Stefan Hessenbruch, Director of Customer Success at iGrafx, recently discussed how you can benefit from a combination of BPM and RPA, and why RPA requires a well-founded process management. At iGrafx, Stefan takes care of all our customers’ needs – from support and training to high-level consulting, as well as ongoing customer support. Below are his answers to 3 key questions around BPM and RPA.
In short, preferably both. BPM and RPA can and should even co-exist because they solve two different problems. While RPA automates individual tasks and even entire business processes normally performed by humans through software or bots, BPM is more likely to analyze, model, and optimize business processes. Business Process Management (BPM) is essential to RPA because the better a business process is documented and modeled, the more successful and effective its automation is. Automating, managing, and ultimately achieving the best result end-to-end can be achieved in only two ways – BPM and RPA.
The main advantage of RPA is clear: repeatable processes or tasks can be easily and automatically processed. If you combine RPA with other technologies such as BPM, there are many other possible uses for the bots. With BPM, productive processes can be flexibly designed, implemented, optimized and automated for the entire company, thus aligning business functions with customer needs. A detailed modeling of all processes, their stringent execution, simulation, automation and monitoring as well as continuous improvement, form the core elements of BPM. Before processes are automated using RPA, they should be integrated into a BPM system in order to be able to prioritize the projects that are suitable for the RPA. Through RPA, a sophisticated BPM approach can help organizations gain more business value through change and innovation. Only a holistic solution enables companies to identify, evaluate, prioritize, execute, and ultimately control suitable projects for an RPA.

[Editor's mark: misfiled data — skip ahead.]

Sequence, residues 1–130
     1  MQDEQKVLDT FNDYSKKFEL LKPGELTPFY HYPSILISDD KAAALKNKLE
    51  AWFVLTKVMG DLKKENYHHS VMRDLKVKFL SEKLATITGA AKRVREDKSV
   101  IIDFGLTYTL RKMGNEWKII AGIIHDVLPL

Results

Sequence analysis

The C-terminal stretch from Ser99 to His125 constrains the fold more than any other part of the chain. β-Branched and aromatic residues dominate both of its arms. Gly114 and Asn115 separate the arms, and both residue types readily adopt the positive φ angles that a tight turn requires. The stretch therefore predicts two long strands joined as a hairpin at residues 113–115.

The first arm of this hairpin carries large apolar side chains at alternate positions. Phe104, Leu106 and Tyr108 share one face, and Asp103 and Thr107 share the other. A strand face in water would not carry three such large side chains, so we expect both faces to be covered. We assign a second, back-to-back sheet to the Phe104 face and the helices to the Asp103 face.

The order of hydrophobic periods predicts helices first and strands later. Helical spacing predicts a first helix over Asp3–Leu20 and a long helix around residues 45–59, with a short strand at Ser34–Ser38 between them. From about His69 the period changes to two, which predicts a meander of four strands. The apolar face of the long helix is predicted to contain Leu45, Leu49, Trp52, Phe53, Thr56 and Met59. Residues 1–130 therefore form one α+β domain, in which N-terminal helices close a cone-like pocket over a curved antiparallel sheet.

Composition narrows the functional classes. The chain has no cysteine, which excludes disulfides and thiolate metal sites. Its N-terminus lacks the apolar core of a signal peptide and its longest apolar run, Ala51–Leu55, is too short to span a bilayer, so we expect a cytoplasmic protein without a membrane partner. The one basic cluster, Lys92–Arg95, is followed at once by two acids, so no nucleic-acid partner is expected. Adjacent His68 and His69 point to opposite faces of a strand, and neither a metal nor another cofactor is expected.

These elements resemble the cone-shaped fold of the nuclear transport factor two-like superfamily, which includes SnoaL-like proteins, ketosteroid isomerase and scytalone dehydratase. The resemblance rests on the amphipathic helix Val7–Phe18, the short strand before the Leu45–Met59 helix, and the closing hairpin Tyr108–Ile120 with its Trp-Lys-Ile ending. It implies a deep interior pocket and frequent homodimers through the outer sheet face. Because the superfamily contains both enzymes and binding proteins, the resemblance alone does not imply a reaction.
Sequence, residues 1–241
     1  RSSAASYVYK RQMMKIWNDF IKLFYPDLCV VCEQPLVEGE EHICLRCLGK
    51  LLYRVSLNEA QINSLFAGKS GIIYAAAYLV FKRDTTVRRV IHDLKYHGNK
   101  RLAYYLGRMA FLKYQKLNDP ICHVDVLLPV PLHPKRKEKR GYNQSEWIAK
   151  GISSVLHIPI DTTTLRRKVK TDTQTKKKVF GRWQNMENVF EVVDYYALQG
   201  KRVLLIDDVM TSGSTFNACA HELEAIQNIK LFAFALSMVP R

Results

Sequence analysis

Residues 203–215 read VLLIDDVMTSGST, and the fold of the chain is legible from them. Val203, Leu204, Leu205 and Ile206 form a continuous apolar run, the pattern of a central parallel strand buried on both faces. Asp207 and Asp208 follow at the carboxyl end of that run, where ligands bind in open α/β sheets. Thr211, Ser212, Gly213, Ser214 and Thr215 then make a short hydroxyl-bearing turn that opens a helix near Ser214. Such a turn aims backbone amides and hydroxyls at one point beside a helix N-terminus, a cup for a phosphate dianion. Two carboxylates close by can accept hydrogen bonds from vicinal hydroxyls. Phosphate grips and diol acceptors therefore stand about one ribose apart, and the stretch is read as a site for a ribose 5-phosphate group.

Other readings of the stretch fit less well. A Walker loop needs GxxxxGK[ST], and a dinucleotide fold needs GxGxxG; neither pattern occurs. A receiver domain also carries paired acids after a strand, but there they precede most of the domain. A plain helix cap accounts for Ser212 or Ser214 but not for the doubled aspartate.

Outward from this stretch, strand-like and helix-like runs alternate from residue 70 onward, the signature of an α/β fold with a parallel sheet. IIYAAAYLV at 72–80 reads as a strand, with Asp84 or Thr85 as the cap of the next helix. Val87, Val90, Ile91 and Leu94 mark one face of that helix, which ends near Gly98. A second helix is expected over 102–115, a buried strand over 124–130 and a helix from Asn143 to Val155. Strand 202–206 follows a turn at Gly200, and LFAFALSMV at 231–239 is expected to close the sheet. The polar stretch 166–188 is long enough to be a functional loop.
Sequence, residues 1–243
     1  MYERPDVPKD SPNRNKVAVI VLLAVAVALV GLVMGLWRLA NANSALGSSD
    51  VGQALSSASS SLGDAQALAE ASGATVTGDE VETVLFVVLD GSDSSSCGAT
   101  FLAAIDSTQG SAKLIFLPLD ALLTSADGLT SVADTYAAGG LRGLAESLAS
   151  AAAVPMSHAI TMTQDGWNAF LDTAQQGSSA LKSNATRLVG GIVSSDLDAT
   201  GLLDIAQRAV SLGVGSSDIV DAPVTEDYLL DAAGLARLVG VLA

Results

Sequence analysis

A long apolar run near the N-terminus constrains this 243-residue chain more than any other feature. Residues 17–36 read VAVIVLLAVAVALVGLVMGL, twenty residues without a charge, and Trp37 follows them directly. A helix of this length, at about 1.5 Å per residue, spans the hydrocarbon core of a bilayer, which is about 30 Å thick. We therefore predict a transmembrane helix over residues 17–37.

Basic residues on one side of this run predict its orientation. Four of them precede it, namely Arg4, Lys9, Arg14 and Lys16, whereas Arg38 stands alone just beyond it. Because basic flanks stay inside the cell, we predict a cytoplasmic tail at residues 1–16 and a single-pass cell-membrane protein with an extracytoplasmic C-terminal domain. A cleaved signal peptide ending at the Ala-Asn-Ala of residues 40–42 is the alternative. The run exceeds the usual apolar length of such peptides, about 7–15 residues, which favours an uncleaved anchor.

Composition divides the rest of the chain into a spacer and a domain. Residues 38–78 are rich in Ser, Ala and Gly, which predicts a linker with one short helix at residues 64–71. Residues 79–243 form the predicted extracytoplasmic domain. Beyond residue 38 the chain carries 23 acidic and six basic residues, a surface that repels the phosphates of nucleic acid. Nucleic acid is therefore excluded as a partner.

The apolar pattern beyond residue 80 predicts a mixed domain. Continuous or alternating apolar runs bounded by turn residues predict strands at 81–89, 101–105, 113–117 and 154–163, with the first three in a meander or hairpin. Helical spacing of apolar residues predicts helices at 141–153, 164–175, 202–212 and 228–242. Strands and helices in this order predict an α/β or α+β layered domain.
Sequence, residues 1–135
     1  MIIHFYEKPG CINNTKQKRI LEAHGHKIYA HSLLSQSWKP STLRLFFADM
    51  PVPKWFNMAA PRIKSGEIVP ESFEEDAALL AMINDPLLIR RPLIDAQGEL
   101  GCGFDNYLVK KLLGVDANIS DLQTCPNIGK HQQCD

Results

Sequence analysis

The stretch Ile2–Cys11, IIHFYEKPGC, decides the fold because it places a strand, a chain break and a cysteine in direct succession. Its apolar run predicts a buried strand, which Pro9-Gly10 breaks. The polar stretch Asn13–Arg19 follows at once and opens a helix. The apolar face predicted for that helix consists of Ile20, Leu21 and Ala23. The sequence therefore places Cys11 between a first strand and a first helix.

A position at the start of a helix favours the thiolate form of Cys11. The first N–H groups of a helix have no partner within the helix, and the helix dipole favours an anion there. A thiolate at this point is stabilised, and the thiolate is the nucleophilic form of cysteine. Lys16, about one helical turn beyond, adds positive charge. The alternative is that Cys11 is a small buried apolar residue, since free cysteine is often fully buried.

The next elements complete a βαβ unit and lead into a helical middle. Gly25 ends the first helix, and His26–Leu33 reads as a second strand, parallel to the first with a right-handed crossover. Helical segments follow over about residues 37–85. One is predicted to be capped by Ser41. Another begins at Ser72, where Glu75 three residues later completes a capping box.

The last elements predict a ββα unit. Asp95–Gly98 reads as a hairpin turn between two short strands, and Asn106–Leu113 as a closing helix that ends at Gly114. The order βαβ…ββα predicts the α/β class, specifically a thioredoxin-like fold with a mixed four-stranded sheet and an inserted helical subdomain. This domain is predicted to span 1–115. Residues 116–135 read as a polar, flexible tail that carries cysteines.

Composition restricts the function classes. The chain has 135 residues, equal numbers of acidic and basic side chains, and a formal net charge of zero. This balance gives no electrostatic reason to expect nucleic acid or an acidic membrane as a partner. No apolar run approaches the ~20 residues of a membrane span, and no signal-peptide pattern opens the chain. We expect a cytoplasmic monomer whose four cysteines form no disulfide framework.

Anyone who deals with the topics of process management or business optimization today cannot ignore the term “process mining”. In process mining, business processes are analyzed and reconstructed using digital traces in IT systems. The individual process steps are combined, and the process is visualized and evaluated. Process Mining is thus a methodology of process management. It supports companies in modeling process knowledge and gaining real insight into their own processes.
Another big topic is customer experience. So-called “customer journey maps” help to identify where the customer is in contact with the company, whether these points trigger positive or negative feelings and how such interactions can be improved. With Business Process Management, it is possible to model this customer journey as well as the systems, processes and risks required to strengthen customer focus and improve the customer experience. Of course, such a journey can also be depicted for employees, products, partners, suppliers and more.